On Friday 6th of May the symposium was opened by Katelan Foisy with a stirring reading of her finely crafted Invocation of the Spirits of London which chronologically recognised and name checked the slow and layered evolutionary climb of London through poetic spiritual resonance. During one of the first panels of the day Peter Grey of Scarlet Imprint spoke of shadows. While he spoke to the capacity audience I was strangely aware of an underlying subliminal soundtrack of other voices speaking while he delivered his own superb paper called Fly the Light (which I highly recommend you read). The final lines of his piece resonate deeply with me; “A magician knows that when you are being shown something – the function of the body of surfaces – it is because something else is being concealed. A trick, a prestige, from praestringere – to blunt the sight or mind. What is being concealed is the ultimate illusion, the removal of the world itself and its living systems.” I met him afterwards and told him of this bizarre occurrence of under scoring voices. I am not prone to persistent audio hallucinations but on this one particular instance I perceived waves of voices. However, I ruminated afterwards upon my own autism, which has on very rare occasions supported auditory modulation disorder and the occasional surreal hyper-processing of auditory stimuli. We exchanged views on the state of technology and its human farming beginnings as exemplified in the book IBM and the Holocaust. Scarlet Imprint is a fine publishing house and is certainly worthy of your investigation. I purchased Peter’s Apocalyptic Witchcraft which he kindly signed for me. Khi Armand (a gifted and multi-disciplined ‘root doctor’ and spirit worker who specializes in Hoodoo Rootwork, Brazilian Quimbanda and Curanderismo) delivered the provocatively entitled Before and After; Devouring Tigers in the Houses of Darkness. Khi’s paper explored initiation as both an unavoidable and necessary aspect of the human experience and, being so, a required and regulated experience within traditional cultures around the world.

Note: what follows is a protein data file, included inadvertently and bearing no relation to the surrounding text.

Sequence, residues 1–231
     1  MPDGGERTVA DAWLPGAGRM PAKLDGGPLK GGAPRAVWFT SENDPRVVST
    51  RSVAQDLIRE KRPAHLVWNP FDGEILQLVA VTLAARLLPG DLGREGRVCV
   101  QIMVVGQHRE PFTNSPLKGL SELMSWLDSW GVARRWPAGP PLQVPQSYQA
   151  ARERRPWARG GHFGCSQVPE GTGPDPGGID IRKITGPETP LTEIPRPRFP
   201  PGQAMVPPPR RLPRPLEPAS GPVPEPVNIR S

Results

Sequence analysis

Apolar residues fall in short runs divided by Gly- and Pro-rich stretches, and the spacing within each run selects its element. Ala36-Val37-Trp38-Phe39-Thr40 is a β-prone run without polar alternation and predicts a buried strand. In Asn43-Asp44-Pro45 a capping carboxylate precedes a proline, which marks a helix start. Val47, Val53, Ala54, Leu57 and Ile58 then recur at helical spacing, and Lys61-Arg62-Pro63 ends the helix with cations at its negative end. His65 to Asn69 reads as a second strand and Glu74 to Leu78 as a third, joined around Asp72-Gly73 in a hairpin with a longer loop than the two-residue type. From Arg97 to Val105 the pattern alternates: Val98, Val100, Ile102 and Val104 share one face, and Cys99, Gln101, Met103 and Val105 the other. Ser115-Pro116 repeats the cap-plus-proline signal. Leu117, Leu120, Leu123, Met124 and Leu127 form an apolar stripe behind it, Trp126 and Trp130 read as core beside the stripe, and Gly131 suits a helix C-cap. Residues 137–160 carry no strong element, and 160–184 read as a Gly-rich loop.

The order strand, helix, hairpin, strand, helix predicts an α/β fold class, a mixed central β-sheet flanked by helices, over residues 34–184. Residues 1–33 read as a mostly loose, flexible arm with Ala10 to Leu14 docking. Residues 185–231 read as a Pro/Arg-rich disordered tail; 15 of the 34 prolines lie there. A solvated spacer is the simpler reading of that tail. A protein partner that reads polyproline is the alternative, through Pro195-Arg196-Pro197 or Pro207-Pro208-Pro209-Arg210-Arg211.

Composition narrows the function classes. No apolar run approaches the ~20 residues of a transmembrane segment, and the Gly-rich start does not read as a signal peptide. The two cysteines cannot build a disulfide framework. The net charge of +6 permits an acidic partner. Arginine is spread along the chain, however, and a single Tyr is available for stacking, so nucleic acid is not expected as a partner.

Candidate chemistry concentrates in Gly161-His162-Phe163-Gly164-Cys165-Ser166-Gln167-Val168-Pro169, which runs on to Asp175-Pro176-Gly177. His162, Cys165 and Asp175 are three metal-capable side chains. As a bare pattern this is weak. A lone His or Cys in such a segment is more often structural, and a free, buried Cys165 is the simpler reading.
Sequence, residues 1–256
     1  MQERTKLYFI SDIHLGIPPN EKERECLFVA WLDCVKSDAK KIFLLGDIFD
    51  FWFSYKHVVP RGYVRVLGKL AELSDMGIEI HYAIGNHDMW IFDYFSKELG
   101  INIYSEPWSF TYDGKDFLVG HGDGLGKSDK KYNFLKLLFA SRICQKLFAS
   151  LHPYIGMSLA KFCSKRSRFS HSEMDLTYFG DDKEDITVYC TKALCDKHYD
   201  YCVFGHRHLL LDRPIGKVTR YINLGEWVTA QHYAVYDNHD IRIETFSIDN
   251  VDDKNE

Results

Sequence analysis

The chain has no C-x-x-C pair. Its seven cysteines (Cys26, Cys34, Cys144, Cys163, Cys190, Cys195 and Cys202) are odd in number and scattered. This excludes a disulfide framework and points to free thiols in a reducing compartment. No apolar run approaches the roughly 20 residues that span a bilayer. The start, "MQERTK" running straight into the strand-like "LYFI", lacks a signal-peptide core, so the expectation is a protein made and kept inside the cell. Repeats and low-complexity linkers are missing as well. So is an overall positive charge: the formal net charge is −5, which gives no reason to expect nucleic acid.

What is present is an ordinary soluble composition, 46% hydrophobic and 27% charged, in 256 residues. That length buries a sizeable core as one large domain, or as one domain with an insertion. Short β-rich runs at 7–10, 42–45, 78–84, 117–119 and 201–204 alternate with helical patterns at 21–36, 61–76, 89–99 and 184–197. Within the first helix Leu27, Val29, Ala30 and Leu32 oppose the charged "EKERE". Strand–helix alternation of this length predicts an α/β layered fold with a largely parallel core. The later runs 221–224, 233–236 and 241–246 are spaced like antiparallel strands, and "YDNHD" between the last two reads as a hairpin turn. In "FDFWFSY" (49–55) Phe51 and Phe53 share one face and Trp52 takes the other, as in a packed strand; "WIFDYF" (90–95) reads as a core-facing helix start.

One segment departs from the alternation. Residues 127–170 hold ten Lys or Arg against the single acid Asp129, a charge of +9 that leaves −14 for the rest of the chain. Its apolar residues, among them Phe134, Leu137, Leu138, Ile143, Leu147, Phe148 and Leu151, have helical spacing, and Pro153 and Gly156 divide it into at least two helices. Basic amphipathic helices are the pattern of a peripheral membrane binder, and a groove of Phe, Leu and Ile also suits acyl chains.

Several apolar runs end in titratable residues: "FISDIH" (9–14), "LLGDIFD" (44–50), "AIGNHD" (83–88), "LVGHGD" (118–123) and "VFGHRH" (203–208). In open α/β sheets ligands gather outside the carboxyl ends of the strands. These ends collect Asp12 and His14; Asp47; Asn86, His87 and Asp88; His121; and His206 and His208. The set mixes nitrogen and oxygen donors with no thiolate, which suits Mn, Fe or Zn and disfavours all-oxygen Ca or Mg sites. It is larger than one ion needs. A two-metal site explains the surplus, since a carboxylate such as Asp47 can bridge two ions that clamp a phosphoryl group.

The second panel gave me much joy. Val Denham, Langston Khan and Graham Duff delivered their fine words on subjects as diverse as art, dreams, archetypes and Jhonn Balance. I thoroughly enjoyed Graham Duff’s excellent paper Sublime Fragments: The Art of Jhonn Balance. It was both riveting and funny. His comment when he saw how dark the slides were and then came out with the classic line about it all being about the occult anyway made me piss my pants (No Graham, you did not peak early with the arc of your delivery, it was all equalized in the mix.) His crushed blue velvet suit was the cherry on this luscious balanced cake of mind food. His stanzas delivered regarding Coil are probably the finest I have ever heard on the group. Each and every panelist expounded their work with eloquence, gusto, charm and heartwarming aplomb. Val Denham’s paper Proclaim Present Time Over (its title taken from a story by William S. Burroughs who in turn took it from a poem by Brion Gysin) embedded and raised in my mind what I felt was a very important question to ask the panel later on. Like Bowman in 2001: A Space Odyssey in the scene where he leaves Discovery One in an EVA pod to investigate another monolith discovered in orbit around the planet, I found myself pulled into a vortex of coloured light, racing across vast distances of space, viewing bizarre cosmological phenomena and strange landscapes of unusual colours with only a strong cup of coffee and a full English breakfast fueling me.